I know PWS has been having a friendship and cooperation theme lately. I have a strong background in early childhood education and have been in the public schools for the past 15 plus years and I can tell you that social-emotional learning is needed, now more than ever. If Pentucket Workshop is trying to teach a little empathy in this world, is that really such a bad thing? I think it’s a shame that this morsel of information is what you chose to use to take up air space, particularly without talking to the wonderful staff there first to get the full story. This school is doing so much good and to taint that with this story of something I suspect is a misunderstanding or perhaps taken out of context is doing a disservice. Just this past weekend at a weekend play gathering, that the staff gave up some of their weekend to come to, I had the opportunity to thank the director of PWS for having such a wonderful program. I stand by that.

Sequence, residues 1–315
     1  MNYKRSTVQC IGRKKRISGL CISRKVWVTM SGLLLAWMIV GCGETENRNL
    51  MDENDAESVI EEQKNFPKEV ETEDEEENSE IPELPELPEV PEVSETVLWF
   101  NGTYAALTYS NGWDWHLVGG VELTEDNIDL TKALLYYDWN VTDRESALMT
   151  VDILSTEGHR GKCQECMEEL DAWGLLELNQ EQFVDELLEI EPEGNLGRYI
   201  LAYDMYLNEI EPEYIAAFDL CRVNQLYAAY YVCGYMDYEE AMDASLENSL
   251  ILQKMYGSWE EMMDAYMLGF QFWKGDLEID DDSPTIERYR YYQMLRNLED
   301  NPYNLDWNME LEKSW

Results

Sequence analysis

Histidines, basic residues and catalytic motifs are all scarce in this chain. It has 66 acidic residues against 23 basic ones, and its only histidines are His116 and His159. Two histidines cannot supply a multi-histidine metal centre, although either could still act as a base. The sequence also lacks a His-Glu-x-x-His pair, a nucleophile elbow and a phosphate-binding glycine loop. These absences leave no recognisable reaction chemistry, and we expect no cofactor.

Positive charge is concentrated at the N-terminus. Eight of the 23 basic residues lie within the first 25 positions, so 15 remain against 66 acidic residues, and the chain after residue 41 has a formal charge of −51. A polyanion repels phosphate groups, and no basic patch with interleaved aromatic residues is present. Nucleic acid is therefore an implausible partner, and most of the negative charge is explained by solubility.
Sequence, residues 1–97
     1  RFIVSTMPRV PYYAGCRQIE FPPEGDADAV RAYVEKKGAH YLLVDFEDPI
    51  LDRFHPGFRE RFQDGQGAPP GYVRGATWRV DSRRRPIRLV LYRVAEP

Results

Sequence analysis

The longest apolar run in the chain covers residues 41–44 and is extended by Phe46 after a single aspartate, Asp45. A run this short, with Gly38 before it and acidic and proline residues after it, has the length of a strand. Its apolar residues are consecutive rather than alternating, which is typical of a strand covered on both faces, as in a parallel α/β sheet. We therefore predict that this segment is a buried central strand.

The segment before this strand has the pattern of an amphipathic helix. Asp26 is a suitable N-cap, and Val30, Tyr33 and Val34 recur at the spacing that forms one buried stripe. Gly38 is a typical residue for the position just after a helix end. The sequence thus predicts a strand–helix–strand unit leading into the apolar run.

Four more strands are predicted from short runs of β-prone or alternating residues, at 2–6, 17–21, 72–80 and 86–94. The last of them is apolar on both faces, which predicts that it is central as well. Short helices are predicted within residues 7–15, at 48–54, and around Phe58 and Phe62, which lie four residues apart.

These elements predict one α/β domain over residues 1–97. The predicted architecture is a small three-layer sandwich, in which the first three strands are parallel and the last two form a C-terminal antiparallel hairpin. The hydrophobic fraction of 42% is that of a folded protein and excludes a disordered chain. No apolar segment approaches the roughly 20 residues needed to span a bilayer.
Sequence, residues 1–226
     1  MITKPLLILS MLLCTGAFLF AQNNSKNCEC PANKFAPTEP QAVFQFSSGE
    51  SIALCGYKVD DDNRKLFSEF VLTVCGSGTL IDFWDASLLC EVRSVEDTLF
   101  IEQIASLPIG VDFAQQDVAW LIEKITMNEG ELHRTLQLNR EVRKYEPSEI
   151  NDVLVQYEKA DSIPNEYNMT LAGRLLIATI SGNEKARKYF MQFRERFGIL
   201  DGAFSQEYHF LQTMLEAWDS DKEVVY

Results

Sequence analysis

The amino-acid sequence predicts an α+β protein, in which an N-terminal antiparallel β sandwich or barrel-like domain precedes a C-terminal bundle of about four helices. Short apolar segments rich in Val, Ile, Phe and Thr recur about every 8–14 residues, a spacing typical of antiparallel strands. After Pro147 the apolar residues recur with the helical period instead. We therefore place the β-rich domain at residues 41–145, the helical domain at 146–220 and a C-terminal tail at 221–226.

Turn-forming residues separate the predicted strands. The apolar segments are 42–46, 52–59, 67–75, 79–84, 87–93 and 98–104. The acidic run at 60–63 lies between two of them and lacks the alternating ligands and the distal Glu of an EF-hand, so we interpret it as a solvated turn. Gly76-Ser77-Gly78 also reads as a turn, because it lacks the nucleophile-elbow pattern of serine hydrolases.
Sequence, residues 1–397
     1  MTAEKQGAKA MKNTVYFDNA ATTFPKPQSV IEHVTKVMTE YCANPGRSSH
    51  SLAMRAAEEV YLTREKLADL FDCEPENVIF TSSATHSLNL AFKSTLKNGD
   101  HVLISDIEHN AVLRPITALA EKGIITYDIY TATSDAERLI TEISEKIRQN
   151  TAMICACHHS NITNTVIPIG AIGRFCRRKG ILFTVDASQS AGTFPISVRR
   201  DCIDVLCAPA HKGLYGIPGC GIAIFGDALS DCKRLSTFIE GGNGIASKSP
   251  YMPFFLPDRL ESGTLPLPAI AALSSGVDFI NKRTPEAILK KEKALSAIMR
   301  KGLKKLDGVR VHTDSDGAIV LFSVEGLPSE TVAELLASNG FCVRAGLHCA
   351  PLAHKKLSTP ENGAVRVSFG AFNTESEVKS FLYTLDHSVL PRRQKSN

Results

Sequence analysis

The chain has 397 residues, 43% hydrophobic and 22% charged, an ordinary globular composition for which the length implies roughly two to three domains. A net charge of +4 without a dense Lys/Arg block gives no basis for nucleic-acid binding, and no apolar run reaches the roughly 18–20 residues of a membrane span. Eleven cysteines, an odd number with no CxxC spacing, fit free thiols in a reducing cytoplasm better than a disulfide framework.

2. So what keeps children from seeing that having a broad group of acquaintances is of greater importance than a deeper one on one friendship.

  3. I’m so tired of so called “experts” telling families don’t do this – don’t do that , your child or some other child’s feeling are going to get hurt. Well, Ms Expert – feelings do get hurt but learning to how do deal with hurt feeling is a good learning experience. I use to listen to the “experts” for my son but when I started my own research and started expressing myself, all of a sudden I was a troublemaker. In real life peoples feelings get hurt – hell im 72 yrs old and I still sometimes get hurt feeling but I deal with it. For crying out loud, when is good old “common sense” going to make a comeback??

  4. Eric Jones says: